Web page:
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Brain Injury May Be Reversed With Common Sleeping Pill - Ambien Has Helped Some Patients Regain Use of Some Functions - Reverse Damage

July 16th 2006

Brain Injury May Be Reversed With Common Sleeping Pill - Ambien Has Helped Some Patients Regain Use of Some Functions - Reverse Damage


Remarkable research shows that the common sleeping pill Ambien may help patients with brain damage recover the use of some of their brain.  Although the awakening side effect is rare, doctors say that some patients may benefit.

ABC News reporter, Mike Von Fremd, interviewed a doctor that has been studying the prescription sleeping pills.  Dr. Ralf Clauss speculates that while brain injury may cause some parts of the brain to remain dormant, sometimes the drug may temporarily reverse this change.

The news segment involved a young man, George Melendez, who had a passion for baseball, but was involved in a traffic accident leaving his brain damaged.  The injury was serious enough that he was unable to talk or take care of himself. 


Although Melendez is still in a full-time care facility, the doctors believe he has made progress.  The progress, they believe is due to Ambien.  It actually helps Melendez become more alert and able to respond to his parents by either shaking his head yes or no, or sometimes he even speaks.

Clauss said “We are seeing restoration of consciousness and restoration of function in our patients.”  The researchers are not sure what is happening, but the mother of Melendez is sure.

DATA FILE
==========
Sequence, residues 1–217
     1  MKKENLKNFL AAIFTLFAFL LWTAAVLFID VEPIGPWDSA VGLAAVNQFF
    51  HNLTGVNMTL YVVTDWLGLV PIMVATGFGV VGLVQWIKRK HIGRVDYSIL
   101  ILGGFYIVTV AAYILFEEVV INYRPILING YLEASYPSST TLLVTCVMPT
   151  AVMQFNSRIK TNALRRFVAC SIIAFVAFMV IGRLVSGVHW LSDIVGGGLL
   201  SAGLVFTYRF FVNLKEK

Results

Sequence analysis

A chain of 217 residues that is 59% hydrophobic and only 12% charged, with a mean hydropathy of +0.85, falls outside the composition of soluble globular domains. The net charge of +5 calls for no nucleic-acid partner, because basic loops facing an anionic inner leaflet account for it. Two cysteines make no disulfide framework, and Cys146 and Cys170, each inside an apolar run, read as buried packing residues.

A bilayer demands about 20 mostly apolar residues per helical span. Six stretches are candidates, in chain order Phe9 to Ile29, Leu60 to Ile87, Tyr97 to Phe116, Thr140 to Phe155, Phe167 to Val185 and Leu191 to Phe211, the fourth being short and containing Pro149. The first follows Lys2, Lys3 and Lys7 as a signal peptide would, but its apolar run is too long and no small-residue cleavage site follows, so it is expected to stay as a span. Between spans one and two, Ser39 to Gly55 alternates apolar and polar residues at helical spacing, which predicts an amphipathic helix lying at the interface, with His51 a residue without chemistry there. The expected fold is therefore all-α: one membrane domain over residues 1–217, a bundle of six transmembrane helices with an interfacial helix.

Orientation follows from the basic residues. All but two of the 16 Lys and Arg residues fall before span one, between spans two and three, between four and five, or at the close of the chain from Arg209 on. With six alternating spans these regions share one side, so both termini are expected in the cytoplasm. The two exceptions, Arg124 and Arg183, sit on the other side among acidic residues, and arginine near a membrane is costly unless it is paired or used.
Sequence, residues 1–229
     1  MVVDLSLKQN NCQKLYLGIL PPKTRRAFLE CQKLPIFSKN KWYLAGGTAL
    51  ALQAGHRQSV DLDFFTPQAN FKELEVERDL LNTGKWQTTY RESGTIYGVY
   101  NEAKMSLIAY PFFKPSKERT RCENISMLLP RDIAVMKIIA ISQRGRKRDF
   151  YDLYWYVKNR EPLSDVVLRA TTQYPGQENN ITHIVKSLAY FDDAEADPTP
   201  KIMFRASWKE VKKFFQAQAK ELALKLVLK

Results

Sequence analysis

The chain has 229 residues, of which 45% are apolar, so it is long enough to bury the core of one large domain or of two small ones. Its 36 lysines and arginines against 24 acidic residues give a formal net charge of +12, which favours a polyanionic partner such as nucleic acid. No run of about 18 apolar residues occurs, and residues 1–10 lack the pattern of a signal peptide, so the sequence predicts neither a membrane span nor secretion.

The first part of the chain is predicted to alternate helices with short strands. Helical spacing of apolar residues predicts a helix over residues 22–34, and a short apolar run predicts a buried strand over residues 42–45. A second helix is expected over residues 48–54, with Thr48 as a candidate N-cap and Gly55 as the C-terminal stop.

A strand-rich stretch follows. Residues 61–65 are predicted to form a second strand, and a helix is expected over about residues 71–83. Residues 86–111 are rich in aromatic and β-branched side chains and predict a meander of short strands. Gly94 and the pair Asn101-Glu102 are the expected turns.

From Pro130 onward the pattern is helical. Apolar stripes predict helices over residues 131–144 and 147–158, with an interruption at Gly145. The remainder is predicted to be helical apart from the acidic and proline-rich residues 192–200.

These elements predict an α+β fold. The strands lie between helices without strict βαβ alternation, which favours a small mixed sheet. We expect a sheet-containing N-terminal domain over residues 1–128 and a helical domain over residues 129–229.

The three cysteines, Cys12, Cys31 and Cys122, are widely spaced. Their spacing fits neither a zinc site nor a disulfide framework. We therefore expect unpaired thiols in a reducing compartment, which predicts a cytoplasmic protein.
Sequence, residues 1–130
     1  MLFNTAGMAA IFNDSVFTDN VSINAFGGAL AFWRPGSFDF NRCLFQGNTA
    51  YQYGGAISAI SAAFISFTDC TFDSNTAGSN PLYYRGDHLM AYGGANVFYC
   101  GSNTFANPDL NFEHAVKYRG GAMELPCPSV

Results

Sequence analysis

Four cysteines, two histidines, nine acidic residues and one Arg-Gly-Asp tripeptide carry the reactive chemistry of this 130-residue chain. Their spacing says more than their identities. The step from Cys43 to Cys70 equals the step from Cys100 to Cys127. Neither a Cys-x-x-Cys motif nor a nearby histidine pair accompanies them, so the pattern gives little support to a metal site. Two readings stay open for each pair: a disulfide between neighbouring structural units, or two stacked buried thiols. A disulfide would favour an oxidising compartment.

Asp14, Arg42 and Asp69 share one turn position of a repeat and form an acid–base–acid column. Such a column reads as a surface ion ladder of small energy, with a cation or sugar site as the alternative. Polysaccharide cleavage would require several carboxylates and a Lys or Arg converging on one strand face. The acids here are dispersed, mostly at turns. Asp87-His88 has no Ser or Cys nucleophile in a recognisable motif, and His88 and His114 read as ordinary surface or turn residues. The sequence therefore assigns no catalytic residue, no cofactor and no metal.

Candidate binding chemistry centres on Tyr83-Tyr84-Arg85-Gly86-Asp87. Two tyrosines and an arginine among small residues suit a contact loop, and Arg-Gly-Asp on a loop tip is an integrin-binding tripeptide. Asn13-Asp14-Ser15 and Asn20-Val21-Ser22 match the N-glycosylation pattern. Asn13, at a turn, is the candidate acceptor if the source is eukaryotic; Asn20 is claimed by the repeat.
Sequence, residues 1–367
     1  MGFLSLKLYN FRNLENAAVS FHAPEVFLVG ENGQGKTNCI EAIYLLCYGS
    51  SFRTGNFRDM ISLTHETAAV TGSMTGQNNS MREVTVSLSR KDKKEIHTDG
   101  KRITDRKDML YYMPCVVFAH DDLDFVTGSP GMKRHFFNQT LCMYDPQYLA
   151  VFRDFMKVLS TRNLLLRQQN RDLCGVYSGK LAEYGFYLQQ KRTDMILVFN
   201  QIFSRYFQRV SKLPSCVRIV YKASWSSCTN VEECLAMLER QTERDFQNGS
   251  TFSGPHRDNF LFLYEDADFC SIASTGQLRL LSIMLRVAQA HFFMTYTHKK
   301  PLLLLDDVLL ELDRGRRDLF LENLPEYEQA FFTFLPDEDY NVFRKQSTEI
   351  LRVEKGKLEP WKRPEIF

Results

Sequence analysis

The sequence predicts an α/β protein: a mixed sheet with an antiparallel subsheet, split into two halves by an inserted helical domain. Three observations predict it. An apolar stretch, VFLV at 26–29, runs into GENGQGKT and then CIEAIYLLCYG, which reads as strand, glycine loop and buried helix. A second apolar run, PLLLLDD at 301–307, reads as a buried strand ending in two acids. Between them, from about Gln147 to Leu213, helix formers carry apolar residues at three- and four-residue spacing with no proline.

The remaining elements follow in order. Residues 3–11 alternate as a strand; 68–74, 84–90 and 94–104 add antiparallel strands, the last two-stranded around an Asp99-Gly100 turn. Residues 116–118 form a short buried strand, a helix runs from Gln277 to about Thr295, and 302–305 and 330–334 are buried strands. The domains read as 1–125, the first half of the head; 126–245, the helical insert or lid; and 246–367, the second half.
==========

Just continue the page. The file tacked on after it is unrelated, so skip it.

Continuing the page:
Flores Melendez learned about the effects of Ambien by accident. She had gotten a prescription for the drug to give to her son because he was having trouble sleeping, and his constant moaning kept them both awake at night.  Ten minutes after his first dose she noticed that the moaning disappeared.


She turned to her son and said “Hey George”.  Her son responded “what?”  That was the first word he had spoken since his accident.  He began to respond and say other words as well.  Since that very first dose in 2002, pat has given Melendez Ambien three times a day, every day.

Recently the reporters went to visit the family.  The morning they saw George was remarkable.  Before Ambien he was stiff, unresponsive and uncomfortable.  After the first dose of the day he was able to say his name and hold up one or two fingers. 

His mother told the reporters that the drug will last for hours before it begins to wear off.  She gives him three pills per day and says she is happy to have just a little more of her son back.  Doctors are uncertain whether George will continue to improve.

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Dan Wilson
Best Syndication

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